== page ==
So it was with some trepidation that I opened a box with two very nice wines that had been graciously provided by Donelan Family Wines. The first thing I noticed was that both bottles were sealed with heavy wax caps over the cork. Generally, I can't stand packaging like that. It's a royal pain in the tuchus to break and pry off the seal, and the odds of getting chunks of wax into the bottle are high, so you really need to strain and decant the juice.
But wait a minute? Who's the real expert here? I'm guessing it's the folks at Donelan, a family operation that seeks out some of the best vineyards in Northern California to source world-class grapes that they blend into award-winning wines. Maybe I shouldn't be in such a hurry after all.
Donelan is known for its syrahs, and I'm a big fan of this varietal. The full-bodied grapes that produce a very dark fruit-forward flavor profile are favorites around my household, but subtlety isn't the main characteristic I look for in $15 bottles. However, the 2009 Walker Vine Hill Russian RIver Valley Syrah from Donelan exhibits exactly the sort of nuanced character that benefits from careful handling and some time to open up in a decanter. Good thing they slowed me down!
Tasted right out of the bottle, the intense flavors were way too tight. The wine needed time to breathe while I was finishing up the steak au poivre that was in the skillet. The peppery notes of the wine worked very well with the filet, and in fact, Donelan's syrahs are known for being particularly food-friendly. Cherry and blueberry notes pair well with any sort of dark sauces, even a rack of barbcued ribs, if you'd like.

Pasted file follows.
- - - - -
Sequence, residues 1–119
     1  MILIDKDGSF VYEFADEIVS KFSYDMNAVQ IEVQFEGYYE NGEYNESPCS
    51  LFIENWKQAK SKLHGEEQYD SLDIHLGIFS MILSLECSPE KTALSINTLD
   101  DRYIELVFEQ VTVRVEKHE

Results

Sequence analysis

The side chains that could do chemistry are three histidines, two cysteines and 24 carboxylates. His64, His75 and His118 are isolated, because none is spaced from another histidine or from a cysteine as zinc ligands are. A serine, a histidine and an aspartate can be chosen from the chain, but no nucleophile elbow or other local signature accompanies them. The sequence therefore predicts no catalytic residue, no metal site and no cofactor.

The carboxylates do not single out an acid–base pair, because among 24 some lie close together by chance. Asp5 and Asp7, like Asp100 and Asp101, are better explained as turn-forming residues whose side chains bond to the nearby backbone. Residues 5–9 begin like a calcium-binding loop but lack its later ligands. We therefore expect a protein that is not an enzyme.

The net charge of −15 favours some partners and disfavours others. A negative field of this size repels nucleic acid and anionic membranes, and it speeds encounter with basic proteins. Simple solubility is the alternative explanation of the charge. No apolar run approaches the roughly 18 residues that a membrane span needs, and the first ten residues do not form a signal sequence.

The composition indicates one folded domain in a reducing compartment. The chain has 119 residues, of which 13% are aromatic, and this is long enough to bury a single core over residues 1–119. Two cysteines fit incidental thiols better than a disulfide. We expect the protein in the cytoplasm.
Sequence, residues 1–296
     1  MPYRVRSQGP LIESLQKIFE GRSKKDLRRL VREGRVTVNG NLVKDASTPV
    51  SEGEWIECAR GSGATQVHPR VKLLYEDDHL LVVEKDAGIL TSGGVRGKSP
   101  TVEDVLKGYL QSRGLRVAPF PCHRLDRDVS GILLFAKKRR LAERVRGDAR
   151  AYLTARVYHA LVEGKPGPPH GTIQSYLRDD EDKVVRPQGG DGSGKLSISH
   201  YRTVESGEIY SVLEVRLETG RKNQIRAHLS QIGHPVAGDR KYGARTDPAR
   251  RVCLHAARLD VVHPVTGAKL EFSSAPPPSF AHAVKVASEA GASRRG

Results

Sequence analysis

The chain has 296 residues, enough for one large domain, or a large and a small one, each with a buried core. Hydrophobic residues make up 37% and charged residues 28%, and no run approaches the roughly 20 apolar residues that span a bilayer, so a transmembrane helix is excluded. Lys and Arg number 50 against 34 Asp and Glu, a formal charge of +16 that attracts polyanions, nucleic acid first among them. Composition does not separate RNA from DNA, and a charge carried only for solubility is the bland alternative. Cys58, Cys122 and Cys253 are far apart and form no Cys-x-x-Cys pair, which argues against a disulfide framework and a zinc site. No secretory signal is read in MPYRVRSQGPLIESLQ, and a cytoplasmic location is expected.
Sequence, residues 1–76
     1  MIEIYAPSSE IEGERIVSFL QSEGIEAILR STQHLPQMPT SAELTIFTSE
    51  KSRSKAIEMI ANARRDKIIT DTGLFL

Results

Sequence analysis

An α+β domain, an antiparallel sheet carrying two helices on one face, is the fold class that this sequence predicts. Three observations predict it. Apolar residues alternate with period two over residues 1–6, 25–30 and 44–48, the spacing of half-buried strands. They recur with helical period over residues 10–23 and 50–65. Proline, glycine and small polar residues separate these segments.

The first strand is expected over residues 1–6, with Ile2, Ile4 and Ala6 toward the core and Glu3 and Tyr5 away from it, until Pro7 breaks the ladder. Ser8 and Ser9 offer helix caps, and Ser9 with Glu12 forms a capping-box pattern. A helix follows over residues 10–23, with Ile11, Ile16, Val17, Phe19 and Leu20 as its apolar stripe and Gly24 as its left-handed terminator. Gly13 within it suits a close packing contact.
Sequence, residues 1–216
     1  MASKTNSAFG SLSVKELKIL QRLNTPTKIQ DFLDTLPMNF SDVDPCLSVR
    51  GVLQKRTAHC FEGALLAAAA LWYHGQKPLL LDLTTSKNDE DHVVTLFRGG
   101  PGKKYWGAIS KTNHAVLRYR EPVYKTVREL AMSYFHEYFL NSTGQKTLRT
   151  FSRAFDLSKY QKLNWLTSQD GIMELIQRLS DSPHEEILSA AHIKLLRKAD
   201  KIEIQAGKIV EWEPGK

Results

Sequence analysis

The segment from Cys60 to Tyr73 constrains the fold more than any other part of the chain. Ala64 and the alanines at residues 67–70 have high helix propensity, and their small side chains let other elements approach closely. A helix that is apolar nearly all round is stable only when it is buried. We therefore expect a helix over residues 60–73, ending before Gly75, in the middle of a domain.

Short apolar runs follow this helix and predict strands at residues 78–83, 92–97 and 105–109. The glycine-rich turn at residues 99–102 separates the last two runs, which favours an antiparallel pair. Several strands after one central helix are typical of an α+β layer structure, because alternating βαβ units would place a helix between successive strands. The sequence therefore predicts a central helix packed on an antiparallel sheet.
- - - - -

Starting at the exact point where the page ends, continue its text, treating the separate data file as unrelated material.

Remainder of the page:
Slightly younger, but no less interesting is the 2010 Cuvee Christine Syrah from Sonoma County. These grapes are from high on a hilltop and have been slower to mature than the valley grapes. While this wine is perfectly drinkable now, it will only benefit from a little more time in repose. Provided you're not like me, the type who doesn't even want to wait to pry off the wax capsule ...
The Cuvee Christine is a beautiful dark garnet color in the glass, and the aromas of savory spices are very pleasant on the nose. The flavors aren't quite as dark and chewy as the Walker Vine Hill, but it was still a fine companion to a maple-glazed pork chop.
Donelan Family Wines are fairly new to the Nashville area, but they are becoming more widely available in wine stores. Figure that both of these wines will set you back around $45 a bottle, but good things come to those who wait. Take your time. Crack the wax and let it breathe. You'll be glad you did.